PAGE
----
Once the data is collected, Cullum said, the team can start analyzing it in the hopes of understanding where the risks are highest and which prevention techniques are working. But at this point they’re still in the “start up phase.”
“It’s just a matter of getting the word out to all the schools that this program exists,” said Cullum. “Having the superintendents encourage their people to participate.”
And if the UIL mandates the concussion injury reporting, which there’s been talk of, Cullum’s team would get full participation from Texas middle and high schools. That will likely be decided this summer, and would be a significant step forward for the team's research.
“First of all, we need to get a handle on how many concussions are occurring, where they are occurring, what sports, what age, etcetera,” said Cullum. “Are these statistics consistent with national metrics? What are the effects of age and gender?” By including all these factors and also assessing the kinds of treatment that the kids are getting, Cullum’s team hopes to get a better sense of where the risks are, what treatment works best, and which interventions are successful. “We know that some rest is good, but too much rest may actually be bad––may actually result in prolonged recovery times.”
And by gathering data from all around the state, Cullum’s team will be able to track regional trends as well. “We want to learn about which parts of the state have more concussions per number of athletes and what sports are they occurring in,” said Cullum. “We hope to identify those factors first, then look at recovery rates in those different areas.”
After that, Cullum’s team of researchers will work with the UIL to suggest equipment or procedural changes based on the findings. “For example, if the Panhandle has a very rapid return-to-learn, return-to-play time, we’ll set up questionnaires and interviews to find out what are they doing that’s working so well,” said Cullum.
Looking further ahead, Cullum wants to develop studies beyond middle and high school sports. He's had preliminary discussions with UT System about studying the campuses’ collegiate sports. Cullum’s also interested in comparing the rates of concussions between high school and club sports, like the program where I did gymnastics.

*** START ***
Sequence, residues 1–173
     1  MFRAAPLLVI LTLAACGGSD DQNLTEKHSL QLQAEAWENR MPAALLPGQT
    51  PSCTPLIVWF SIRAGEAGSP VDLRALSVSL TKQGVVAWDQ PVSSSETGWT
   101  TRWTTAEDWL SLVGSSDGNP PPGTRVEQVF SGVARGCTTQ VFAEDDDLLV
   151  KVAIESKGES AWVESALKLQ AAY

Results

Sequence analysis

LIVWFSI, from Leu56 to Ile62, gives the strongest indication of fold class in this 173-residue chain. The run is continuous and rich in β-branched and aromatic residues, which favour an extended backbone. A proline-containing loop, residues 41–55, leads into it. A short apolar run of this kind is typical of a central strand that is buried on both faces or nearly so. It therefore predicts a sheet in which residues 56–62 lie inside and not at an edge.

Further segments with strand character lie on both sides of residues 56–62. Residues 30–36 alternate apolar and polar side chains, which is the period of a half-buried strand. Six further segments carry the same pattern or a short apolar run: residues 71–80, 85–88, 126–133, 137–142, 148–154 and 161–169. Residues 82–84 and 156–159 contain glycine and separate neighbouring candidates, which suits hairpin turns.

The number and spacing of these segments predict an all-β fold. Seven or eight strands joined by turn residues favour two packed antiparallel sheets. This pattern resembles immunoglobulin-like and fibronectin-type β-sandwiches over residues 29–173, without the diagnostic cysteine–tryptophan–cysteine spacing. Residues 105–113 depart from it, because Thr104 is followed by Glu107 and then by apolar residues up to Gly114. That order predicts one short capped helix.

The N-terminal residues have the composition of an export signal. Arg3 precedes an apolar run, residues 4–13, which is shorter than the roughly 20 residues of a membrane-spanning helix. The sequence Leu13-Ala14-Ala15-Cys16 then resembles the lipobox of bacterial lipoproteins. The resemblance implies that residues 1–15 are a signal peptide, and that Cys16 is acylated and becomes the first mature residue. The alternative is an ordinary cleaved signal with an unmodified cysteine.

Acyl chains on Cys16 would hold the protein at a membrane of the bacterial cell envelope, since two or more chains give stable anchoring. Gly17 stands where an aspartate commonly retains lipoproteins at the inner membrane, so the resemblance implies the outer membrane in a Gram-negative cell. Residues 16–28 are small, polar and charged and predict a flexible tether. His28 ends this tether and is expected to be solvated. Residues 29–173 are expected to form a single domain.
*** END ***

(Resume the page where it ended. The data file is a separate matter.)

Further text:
And while understanding the numbers is important for measuring the effectiveness of interventions, Cullum also wants to understand better the long-term effects of concussions. While working on the registry, Cullum’s team is recruiting current subjects to long-term studies that will assess the effects of concussions over time. They’re working, too, on a large study of NFL players to understand connections between a history of concussions and symptoms later in life.
Cullum worries that some of the fear of concussions in sport is getting overblown. “We really don’t want to bubble wrap our kids,” he said. “We want to let them experience life, and I think the advantages of sport far outweigh the risks.” To worried parents, he recommends that they find sports teams that are well equipped to handle injuries when they happen, but to understand that some of that is just part of life.
There’s a story that Cullum tells about a mother of two daughters––both in a competitive soccer club––who had repeated concussions. She started urging them to quit, and was delighted when one of them did and joined debate team instead. She was good at it, and the debate team was successful. At one of their competitions, the girls’ team was waiting to compete when the boys’ team came running in after a successful round. “This one boy’s flailing, he’s jumping around the room, and he nails this young gal in the temple with his elbow,” said Cullum. “She was knocked out for her worst concussion ever, during debate.”
His point is that while the data is necessary to develop safety procedures and improve techniques, sometimes concussions just happen. When I asked him whether concussions are inevitably part of sports, he responded: “It’s actually not even just sports––it’s life.”
But gathering and analyzing data allows the kind of tangible progress that the NFL has implemented, such as moving the kickoff line and penalizing the most dangerous hits. “There are certainly things that can be done,” said Cullum. Having the data is the first step to prevention––and Cullum’s team is in it for every step of the process.